What are Florida’s Laws on Spousal Privilege?
You may have seen references to spousal privilege on television and assumed it was on-screen theatrics, but there is a valid legal theory that deals with privileged spousal communications and dictates when a spouse can testify against the other. There are situations in criminal and even family law where spousal privilege may or may not apply.
Florida’s Evidence Code
In Florida, the Evidence Code Section 90.504 governs marital communications. The statute sets forth the right for a spouse’s privilege to apply during and after a marital relationship. This allows a spouse to refuse to disclose, or prevent another from disclosing, any communications that are considered confidential between the couple when they were married. Either spouse can claim privilege, as well as the guardian or conservator of one spouse.
The statute also sets forth situations where spousal privilege does not apply:
- Proceedings filed by or on behalf of one spouse against the other
- In criminal matters where one spouse is charged with a crime committed at any time against the other spouse, their property, or the property or person of a child of either
- Criminal matters where communication is offered up as evidence by a defendant spouse who is one of the spouses between whom the communication took place
In easier to understand terms, if your spouse told you something in confidence, you can assert your right to spousal privilege at trial to keep him or her from testifying as to what you said. While the object is to protect the marital relationship, spousal privilege does have limitations.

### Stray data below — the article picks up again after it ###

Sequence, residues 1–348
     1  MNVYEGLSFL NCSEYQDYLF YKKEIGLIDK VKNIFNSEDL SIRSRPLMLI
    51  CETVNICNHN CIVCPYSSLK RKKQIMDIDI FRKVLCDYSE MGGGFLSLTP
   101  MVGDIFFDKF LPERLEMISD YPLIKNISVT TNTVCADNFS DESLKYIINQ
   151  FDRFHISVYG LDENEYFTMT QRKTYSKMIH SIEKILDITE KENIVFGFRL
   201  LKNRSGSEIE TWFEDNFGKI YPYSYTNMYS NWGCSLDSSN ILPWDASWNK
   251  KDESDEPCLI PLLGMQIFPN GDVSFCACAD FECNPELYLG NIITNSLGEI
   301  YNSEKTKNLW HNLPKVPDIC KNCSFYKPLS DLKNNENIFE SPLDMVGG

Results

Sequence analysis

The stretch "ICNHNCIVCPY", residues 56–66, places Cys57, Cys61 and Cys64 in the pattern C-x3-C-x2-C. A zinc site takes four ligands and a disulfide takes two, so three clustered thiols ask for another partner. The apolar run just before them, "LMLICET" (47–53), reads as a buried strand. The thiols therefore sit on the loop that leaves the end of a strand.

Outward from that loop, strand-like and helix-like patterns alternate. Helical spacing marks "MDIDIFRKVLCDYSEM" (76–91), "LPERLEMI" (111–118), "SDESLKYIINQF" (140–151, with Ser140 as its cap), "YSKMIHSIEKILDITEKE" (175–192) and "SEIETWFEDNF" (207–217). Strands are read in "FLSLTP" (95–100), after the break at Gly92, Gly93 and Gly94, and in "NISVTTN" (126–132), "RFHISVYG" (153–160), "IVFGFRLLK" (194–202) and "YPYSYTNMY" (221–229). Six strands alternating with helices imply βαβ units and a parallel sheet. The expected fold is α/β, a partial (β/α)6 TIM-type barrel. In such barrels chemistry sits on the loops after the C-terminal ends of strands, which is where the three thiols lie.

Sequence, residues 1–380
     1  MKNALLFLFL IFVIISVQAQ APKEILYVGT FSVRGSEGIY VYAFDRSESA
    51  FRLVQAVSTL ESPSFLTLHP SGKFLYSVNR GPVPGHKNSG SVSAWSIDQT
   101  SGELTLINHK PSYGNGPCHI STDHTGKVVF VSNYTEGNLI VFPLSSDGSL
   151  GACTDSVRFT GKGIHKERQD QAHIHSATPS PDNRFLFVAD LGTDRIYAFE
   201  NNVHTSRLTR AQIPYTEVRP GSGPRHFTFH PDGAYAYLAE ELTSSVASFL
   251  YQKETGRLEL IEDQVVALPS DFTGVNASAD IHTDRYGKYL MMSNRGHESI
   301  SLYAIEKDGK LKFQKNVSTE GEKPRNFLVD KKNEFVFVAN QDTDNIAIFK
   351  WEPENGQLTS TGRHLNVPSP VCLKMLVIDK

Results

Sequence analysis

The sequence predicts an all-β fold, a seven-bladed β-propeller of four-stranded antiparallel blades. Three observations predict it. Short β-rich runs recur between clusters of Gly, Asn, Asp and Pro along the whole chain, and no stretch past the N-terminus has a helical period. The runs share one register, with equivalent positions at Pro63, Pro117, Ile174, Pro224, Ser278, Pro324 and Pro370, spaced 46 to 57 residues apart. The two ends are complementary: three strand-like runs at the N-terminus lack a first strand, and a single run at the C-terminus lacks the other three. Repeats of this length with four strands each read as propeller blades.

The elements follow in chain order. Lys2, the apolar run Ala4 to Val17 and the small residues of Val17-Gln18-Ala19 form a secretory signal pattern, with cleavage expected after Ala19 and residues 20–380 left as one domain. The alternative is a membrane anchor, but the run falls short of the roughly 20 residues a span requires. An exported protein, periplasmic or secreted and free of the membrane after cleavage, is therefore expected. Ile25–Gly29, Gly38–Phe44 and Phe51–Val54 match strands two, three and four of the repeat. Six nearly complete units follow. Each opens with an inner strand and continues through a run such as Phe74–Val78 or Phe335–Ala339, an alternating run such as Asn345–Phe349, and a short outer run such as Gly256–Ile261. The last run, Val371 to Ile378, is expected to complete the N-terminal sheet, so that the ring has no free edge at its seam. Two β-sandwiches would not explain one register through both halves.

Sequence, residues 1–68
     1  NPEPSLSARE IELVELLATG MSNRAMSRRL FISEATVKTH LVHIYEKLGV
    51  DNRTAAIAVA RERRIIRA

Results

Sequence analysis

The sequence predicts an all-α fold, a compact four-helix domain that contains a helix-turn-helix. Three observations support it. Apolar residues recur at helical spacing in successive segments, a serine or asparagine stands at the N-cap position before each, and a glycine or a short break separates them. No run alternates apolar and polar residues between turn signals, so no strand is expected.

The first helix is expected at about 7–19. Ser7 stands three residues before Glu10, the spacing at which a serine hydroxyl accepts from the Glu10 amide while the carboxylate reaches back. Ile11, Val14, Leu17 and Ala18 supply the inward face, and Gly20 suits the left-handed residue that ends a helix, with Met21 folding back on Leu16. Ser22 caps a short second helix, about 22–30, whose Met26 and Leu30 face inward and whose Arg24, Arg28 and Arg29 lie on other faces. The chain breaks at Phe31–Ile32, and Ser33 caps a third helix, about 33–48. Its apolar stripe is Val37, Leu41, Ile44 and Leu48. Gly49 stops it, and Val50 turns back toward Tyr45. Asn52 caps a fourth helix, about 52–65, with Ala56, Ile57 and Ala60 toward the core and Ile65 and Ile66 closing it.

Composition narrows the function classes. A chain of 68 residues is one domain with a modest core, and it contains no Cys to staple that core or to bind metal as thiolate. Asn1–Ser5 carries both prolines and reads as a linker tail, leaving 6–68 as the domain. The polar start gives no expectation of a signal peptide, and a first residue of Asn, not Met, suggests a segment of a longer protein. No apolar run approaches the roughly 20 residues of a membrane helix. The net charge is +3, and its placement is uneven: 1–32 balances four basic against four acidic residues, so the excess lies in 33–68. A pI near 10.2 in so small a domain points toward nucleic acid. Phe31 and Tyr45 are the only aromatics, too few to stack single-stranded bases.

When Does Spousal Privilege Apply?
There are several main requirements that must be met for spousal privilege to apply. The first is a valid marriage. Without a legal marriage, there is no spousal privilege to be had. You can still assert spousal privilege once you are divorced, but whatever the communication was must have occurred while the parties were still legally married. The second requirement is that the communication was intended to be confidential in the first place.
There are situations where you believe privilege might apply, but in reality, it doesn’t. If the conversation in question took place with other people in the room, it would not be considered privileged. And, if the information was communicated to a third party — intentional or not — privilege is waived.
A spouse can be forced to testify in situations where the subject is not about communication but instead an observation of behavior or actions.
Spousal Privilege in Divorce Matters
Because privilege is not allowed in matters where one spouse filed an action against the other, it would not apply in divorce proceedings. This means one spouse can’t stop the other from revealing information learned from their marriage during the divorce.
Because spousal privilege survives marriage, one spouse cannot call the soon to be ex’s former spouse to testify in the divorce. Some parties want to get their spouse’s former husband or wife to strengthen their own standing in the current divorce. The only way a former spouse could testify is if the communication in question took place when they were not married.
Retaining a Florida Family Law Attorney
If you have more questions on spousal privilege and what evidence is admissible in your divorce proceeding, it’s important to speak with a skilled Florida divorce attorney. Contact the Law Offices of Schwartz | White for more information.